Here is my story, I am teaching myself to knit because knitting and quilting are the only two things I don’t know how to do. I struggled and struggled with the first few rows of the first square of my sampler afghan I am working on. I watched video after video and it was obvious I was knitting too tight but I couldn’t figure out a way to not knit too tight. It was cumbersome, awkward and slow! After trying, ripping it out and trying again at least 20 times (no exaggeration!) it finally occurred to me that if I turned it around and knitted the other way it might work better for me because I’m left handed. Voila! It was like magic, I am still slow but I was at least I’m making progress and it wasn’t too tight. Now that I have read this post I know that I am a true left handed knitter!
Now for the crooked problem, once I put the sampler afghan together will it pull the square straight? I don’t see any mistakes and I can pull it straight to measure. I’m thinking that it is probably because I knitted tighter in the middle and then started knitting loose again.

Thanks
barbfrank


#19

Welcome!
It could be the difference in tension as you knit that’s causing the square to skew. Have you tried blocking it to square it up?

Are you working with wool, acrylic or another type yarn? What is the stitch pattern in your sampler square?


#20

I have not tried blocking it yet, that is a good idea. The yarn is acrylic and the I’m not sure what the stitch pattern is called but it’s one row of knit stitches then the next row is purl.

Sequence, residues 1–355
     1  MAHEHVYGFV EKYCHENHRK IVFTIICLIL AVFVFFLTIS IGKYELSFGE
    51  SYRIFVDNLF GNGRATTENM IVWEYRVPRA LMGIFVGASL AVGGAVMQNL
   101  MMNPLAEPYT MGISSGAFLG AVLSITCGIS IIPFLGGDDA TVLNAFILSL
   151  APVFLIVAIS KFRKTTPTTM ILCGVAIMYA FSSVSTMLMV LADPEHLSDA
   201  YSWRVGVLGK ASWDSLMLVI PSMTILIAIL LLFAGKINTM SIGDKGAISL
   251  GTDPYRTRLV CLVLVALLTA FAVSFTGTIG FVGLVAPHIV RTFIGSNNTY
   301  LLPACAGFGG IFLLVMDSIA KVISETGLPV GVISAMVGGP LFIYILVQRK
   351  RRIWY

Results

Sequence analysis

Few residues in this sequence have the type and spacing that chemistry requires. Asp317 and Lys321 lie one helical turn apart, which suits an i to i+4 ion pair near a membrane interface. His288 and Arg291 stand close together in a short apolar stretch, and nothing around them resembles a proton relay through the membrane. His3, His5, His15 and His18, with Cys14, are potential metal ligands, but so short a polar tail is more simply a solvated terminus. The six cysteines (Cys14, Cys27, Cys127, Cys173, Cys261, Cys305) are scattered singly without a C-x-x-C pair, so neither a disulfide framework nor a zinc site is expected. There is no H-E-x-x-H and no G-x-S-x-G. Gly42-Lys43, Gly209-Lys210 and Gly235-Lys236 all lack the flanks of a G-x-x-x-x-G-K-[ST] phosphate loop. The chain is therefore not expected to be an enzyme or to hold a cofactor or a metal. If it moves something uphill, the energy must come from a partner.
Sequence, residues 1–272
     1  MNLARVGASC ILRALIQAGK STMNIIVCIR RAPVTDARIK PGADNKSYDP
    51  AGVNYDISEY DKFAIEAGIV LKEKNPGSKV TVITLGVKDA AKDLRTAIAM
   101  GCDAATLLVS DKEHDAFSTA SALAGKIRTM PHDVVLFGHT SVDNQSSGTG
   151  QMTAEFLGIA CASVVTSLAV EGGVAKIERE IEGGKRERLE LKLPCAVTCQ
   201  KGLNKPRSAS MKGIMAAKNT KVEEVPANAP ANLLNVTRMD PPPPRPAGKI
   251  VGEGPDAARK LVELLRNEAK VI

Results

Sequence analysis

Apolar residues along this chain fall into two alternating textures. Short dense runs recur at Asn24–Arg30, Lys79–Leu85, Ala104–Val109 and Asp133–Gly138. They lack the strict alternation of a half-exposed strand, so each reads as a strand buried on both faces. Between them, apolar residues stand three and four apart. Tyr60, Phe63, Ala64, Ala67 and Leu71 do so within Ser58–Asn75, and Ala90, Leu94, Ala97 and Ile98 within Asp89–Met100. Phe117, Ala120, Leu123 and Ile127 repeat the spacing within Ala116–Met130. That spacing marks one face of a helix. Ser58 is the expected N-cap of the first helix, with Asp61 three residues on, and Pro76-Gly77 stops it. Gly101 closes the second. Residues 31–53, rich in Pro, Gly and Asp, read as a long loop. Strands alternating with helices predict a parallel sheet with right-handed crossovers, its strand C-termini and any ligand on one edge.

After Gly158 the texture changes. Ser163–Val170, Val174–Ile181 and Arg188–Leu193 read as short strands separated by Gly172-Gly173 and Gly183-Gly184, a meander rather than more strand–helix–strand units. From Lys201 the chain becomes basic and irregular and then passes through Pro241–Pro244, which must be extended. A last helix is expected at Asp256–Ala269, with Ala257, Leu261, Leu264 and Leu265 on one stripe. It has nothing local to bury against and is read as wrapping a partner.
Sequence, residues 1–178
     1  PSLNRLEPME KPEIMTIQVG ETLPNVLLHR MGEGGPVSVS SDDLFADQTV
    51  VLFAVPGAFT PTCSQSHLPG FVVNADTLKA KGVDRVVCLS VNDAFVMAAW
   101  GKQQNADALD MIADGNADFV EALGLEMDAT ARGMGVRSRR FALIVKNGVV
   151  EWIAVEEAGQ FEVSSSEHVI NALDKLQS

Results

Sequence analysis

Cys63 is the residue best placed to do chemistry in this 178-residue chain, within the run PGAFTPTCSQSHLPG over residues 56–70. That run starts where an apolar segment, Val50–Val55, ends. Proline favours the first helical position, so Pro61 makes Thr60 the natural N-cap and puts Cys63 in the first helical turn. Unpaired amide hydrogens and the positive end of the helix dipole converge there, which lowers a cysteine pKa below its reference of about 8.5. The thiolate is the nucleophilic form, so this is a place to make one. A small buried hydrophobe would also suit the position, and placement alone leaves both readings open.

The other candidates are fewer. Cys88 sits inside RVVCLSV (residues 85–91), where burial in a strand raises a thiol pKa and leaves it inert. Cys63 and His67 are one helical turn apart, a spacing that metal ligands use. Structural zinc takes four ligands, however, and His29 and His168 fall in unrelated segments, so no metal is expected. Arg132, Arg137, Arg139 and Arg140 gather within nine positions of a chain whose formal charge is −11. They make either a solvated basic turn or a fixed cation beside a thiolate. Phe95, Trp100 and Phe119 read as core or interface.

I finished it last night but I haven’t cast off yet because I wanted to see what response I got. I think I will cast off and then try blocking it because now that it’s the correct length it doesn’t look as bad as it did when I was only half done.

Thank you
barbfrank


#21

That sounds like stockinette which usually curls quite a bit. Being part of a sampler afghan will stop that but blocking will help a bit too.


#22

That’s what I was thinking but wasn’t sure. The first block I did which was just the knit stitch row after row didn’t curl and wasn’t crooked. When this one started doing that it made me wonder. I’ll block it and let you know how it goes.

Thanks again
barbfrank


#23

When you knit every row (or purl every row) the stitch pattern is called garter stitch. It lies very flat as opposed to stockinette stitch. It’s a good choice anytime you need a knit item to remain flat.


#24

Sorry, I totally forgot to post how the blocking came out. After blocking the square it is only very slightly crooked, I’m certain it will be fine once sewn together with the other squares of the afghan.

Thanks for your help!
barbfrank